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EU Is Tightening Cybersecurity for Energy Providers | #hacking | #cybersecurity | #infosec | #comptia | #pentest | #ransomware


The energy sector is having a tumultuous decade. During the COVID pandemic, the price of oil plummeted. In 2021, a ransomware attack forced one of the US’s most significant oil pipelines to cease operations for five days, causing a state of emergency in seventeen states. Putin’s war in Ukraine has disrupted natural gas supplies across Europe. And now, it seems, it is the electricity providers’ turn to suffer a blow. 

On March 11th, 2024, the European Commission adopted new cybersecurity rules—the EU network code on cybersecurity for the electricity sector (C/2024/1383)—to “establish a recurrent process of cybersecurity risk assessments in the electricity sector.” If you’re a cybersecurity professional, this news is cause for celebration; if you’re an electricity provider, maybe not so much. 

How We Got Here

Since 2019, the EU has significantly improved critical infrastructure cybersecurity. In 2019, the Commission adopted sector-specific guidance, presented in a Recommendation and a staff working document, to help energy providers adopt horizontal cybersecurity rules. In the same year, the Commission adopted the Clean Energy for All Europeans package, reinforcing the cybersecurity of digital transformation in the energy sector. 

In 2020, the EU Commission set out its EU Security Union Strategy, which acknowledged the need for sector-specific initiatives in the energy sector and outlined an upcoming initiative to make critical energy infrastructure more resilient against physical, cyber, and hybrid threats.

As you can see, the EU network code on cybersecurity for the electricity sector continues the EU’s commitment to improving critical infrastructure cybersecurity. It comes amid an increasingly tense geopolitical environment in which cyberattacks are leveraged more often.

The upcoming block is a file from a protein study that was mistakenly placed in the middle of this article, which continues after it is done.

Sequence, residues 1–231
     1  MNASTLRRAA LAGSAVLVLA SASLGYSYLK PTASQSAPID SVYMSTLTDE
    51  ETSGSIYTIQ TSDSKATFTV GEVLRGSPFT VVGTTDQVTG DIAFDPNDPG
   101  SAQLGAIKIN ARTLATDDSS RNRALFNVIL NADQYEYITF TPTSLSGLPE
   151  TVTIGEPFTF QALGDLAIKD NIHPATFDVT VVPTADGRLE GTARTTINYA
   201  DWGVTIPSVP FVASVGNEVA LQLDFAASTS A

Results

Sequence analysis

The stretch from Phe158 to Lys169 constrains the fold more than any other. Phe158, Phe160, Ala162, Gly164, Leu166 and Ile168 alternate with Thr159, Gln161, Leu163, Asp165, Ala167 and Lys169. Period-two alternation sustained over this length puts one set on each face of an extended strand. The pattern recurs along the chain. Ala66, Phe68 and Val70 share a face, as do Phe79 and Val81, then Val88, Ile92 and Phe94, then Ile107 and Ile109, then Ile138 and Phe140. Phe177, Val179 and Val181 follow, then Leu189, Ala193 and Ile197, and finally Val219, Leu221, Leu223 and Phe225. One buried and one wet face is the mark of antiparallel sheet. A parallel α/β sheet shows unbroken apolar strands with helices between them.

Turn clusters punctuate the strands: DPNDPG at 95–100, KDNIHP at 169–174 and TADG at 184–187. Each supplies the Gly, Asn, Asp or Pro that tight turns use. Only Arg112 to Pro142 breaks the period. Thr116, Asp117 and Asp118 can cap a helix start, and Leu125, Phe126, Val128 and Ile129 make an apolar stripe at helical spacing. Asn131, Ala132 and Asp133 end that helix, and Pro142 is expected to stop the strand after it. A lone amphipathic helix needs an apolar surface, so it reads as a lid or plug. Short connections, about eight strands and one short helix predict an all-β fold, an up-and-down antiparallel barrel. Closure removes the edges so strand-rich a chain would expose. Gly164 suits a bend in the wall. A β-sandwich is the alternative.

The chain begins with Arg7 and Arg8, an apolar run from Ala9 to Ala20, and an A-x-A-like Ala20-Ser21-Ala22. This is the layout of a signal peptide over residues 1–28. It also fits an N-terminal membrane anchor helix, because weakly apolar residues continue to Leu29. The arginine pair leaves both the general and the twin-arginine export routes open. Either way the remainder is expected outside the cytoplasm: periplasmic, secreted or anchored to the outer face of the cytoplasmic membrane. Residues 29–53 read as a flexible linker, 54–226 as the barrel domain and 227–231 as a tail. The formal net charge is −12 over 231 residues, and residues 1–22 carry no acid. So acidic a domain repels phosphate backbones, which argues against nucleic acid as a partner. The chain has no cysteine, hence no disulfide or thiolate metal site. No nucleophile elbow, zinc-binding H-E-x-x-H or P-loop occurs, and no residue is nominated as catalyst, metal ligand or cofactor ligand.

The Network Code

The new network code is the EU’s attempt to standardize cybersecurity risk assessments in the electricity sector. It establishes a governance model that aligns with the EU’s existing Network and Information Security Directive (NIS2) to systematically identify the “entities that perform digitalized processes with a critical or high impact in cross-border electricity flows, their cybersecurity risks, and then the necessary mitigating measures that are needed.” 

It aims to: 

  • Establish rules concerning the governance of cybersecurity aspects of cross-border electricity flows to ensure the reliability of the electricity system and the close collaboration with existing governance structures for cybersecurity.
  • Determine common criteria for performing cybersecurity risk assessments for the operational reliability of the electricity system about cross-border electricity flows.
  •  Promote a common electricity cybersecurity framework and, by that, foster a common minimum electricity cybersecurity level across the Union.
  • Provide mechanisms in order to assess the application of the minimum and advanced cybersecurity controls on systems that can affect cross-border electricity flows.
  • Establish information flows by establishing rules for the collection and sharing of information in relation to cross-border electricity flows, compatible with other national and EU legislation.
  • Establish effective processes to identify, classify, and respond to cyber-attacks impacting the cross-border flows of electricity.